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Health Care

The population’s health status has dramatically improved in Mongolia in the 20th century. Within this period of time infant mortality has decreased by a factor of 16, while maternal mortality had experienced almost a 100-fold decline, and such communicable diseases as louse-born epidemic typhus, genital lymphgranulomatosis, smallpox and poliomyelitis were eradicated, predetermining an almost four-fold increase in population number, and improvement in population health. Although such profound changes have been associated with a number of socio-economic factors, they have been unbreakably bound to the contemporary science-based health sector development in Mongolia, while the first hospital was established only in 1924 with 3 health workers and 15 beds.
Before the 1990s the health system was state owned, and centrally run with financing from general government revenues. Health care was free of charge at the point of delivery. The system was very much reliant on curative services, very resource intensive, based upon high bed numbers and large numbers of medical personnel. Despite many achievements, including improved equity and access to health care and control of communicable diseases, there were weaknesses, including low efficiency and a lack of sensitivity to consumers’ rights.
The acute economic distress associated with the transition after 1990 severely affected the health sector. The system experienced a major loss of resources which led to some inevitable deterioration of health services. However, the Mongolian government has not reduced its policy commitment to the equitable provision of services and it has re-assessed its strategies in the light of experiences of transition. Therefore, the health sector ownership and financing have been diversified, a health insurance scheme and a policy shift towards greater emphasis on primary health care was introduced in the early 1990s. In accordance with the recent amendment in the Health Insurance Law, the Scheme covers some outpatient services and hospital services, however the insured make co-payments from 5-15 percent depending on the level of hospitals.
The family group practice (FGP) model was introduced since 1998 by the Health Sector Development Program with the support of ADB to provide primary health services free of charge to the population. Family doctors were reorganized into private group practices, with guarantees of income through risk-adjusted capitation payments from the government. In 2002 the FGPs covered 56 percent of the Mongolian population, and were employing about 940 family doctors. The National Public Health Policy was adopted in 2001, establishing a long-term framework for public health.
The health status of the people in Mongolia is relatively better than that of an average low-income country. There have been improvements in child mortality in spite of the difficulties of transition. Mongolia historically has a strong commitment to immunization which is evident from the high coverage rates (over 90 percent for tuberculosis, DPT, measles, hepatitis B, and polio). The country is undergoing an epidemiological transition characterized by a decline in communicable diseases and a rise in non-communicable diseases in total mortality. The leading causes of mortality from 1995 up to the present are diseases of the circulatory system, cancer, accident and injuries.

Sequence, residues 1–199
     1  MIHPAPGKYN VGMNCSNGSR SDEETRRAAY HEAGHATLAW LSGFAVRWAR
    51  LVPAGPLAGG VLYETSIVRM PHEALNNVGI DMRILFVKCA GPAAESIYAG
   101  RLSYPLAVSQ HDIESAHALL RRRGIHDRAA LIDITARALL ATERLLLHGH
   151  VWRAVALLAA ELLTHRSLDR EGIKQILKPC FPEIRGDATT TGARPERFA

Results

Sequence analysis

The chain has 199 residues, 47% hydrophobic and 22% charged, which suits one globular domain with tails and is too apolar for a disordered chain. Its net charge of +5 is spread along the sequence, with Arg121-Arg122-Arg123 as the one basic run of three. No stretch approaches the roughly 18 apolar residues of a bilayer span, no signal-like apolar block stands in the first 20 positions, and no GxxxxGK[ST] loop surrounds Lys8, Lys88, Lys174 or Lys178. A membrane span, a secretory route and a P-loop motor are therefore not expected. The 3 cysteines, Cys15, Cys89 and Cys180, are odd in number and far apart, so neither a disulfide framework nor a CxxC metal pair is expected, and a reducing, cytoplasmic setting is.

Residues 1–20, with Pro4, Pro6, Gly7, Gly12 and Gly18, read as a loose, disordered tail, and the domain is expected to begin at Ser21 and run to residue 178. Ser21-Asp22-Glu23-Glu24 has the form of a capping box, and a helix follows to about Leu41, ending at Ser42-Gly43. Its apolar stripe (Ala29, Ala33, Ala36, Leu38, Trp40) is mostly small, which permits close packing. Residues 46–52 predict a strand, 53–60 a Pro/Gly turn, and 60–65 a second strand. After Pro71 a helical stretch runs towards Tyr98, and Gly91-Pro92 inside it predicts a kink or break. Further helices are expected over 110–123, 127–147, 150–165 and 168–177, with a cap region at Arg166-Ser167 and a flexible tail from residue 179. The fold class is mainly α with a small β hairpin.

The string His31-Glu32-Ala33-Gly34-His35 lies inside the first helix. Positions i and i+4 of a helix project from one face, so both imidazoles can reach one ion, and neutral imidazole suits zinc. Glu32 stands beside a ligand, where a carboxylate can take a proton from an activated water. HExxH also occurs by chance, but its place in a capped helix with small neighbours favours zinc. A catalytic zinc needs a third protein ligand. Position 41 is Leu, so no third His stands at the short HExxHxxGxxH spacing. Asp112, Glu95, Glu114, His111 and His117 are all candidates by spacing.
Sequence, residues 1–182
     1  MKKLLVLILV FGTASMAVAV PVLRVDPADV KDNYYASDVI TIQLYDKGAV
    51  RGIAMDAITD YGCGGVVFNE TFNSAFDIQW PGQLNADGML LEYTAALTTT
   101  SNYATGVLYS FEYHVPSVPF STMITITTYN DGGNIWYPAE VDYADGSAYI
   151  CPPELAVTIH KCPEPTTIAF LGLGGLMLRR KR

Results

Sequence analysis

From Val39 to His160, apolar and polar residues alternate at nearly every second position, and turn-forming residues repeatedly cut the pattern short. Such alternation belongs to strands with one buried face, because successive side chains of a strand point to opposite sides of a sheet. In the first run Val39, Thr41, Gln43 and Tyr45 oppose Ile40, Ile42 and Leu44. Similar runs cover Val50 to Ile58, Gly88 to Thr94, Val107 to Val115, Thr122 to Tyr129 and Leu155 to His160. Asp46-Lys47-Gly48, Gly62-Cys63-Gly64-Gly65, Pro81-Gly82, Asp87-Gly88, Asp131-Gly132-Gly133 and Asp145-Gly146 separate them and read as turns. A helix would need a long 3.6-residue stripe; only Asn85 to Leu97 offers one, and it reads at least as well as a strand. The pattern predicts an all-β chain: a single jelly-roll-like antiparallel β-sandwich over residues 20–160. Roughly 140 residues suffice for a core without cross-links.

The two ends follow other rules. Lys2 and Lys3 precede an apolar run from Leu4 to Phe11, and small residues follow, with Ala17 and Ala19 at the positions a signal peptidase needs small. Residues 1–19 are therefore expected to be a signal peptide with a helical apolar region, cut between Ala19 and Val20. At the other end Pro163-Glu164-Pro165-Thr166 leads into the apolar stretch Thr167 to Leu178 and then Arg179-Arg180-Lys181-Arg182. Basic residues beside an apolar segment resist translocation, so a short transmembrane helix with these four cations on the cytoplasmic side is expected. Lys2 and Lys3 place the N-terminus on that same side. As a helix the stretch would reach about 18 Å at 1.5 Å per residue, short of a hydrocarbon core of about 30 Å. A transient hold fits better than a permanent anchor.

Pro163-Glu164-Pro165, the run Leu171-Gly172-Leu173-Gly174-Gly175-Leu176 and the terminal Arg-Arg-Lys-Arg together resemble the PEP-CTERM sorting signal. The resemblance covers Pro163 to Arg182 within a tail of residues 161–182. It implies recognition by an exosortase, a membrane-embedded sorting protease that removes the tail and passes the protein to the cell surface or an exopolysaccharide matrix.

Despite successful efforts, the health sector is facing problems related to the deepened marginalization of some of the population, internal migration and the number of homeless people as well as poor living conditions which are causing the increase of poverty-related diseases such as TB and STDs. In addition, there are problems of unequal health status and access to health services between the rural and urban populations, and between different income groups, high maternal and child mortality, despite recent improvements.
The health sector is comprised of 17 specialized hospitals and centers, 4 regional diagnostic and treatment centers, 12 district and 21 aimag general hospitals, 323 soum hospitals, 18 feldsher posts, 233 family group practices, and 536 private hospitals and 57 drug supply companies/pharmacies. At present, there are 27.7 physicians and 75.7 hospital beds per 10.000 population overall.
A large portion of the health budget is still spent on curative services. There are weaknesses in hospital services: inefficiency, patient dissatisfaction, outdated treatment protocols and equipment. Since January 2003 the government started to implement the Public Sector Management and Finance Act, a new phase of health system organization and financing with output-based funding. The successful implementation of the new regulation is an immediate challenge to increase cost-effectiveness and greater responsibility of health organizations in the country.

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1 Response for “Health Care”

  1. Sunny Dong says:

    We are a manufacturer in the field of hospital furniture. If have any chances, we are like to export our product to this good country.

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